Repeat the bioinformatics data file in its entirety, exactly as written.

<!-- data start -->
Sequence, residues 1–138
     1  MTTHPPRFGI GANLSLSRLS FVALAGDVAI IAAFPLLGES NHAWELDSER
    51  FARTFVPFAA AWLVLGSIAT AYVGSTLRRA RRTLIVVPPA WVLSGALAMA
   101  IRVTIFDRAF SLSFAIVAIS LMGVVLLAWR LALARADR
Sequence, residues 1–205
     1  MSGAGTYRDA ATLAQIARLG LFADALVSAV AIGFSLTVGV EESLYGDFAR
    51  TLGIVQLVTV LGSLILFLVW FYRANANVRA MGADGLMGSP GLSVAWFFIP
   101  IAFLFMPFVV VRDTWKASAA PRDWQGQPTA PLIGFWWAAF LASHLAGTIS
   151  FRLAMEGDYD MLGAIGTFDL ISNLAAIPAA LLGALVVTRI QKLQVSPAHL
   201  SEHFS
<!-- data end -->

Sequence, residues 1–138
     1  MTTHPPRFGI GANLSLSRLS FVALAGDVAI IAAFPLLGES NHAWELDSER
    51  FARTFVPFAA AWLVLGSIAT AYVGSTLRRA RRTLIVVPPA WVLSGALAMA
   101  IRVTIFDRAF SLSFAIVAIS LMGVVLLAWR LALARADR
Sequence, residues 1–205
     1  MSGAGTYRDA ATLAQIARLG LFADALVSAV AIGFSLTVGV EESLYGDFAR
    51  TLGIVQLVTV LGSLILFLVW FYRANANVRA MGADGLMGSP GLSVAWFFIP
   101  IAFLFMPFVV VRDTWKASAA PRDWQGQPTA PLIGFWWAAF LASHLAGTIS
   151  FRLAMEGDYD MLGAIGTFDL ISNLAAIPAA LLGALVVTRI QKLQVSPAHL
   201  SEHFS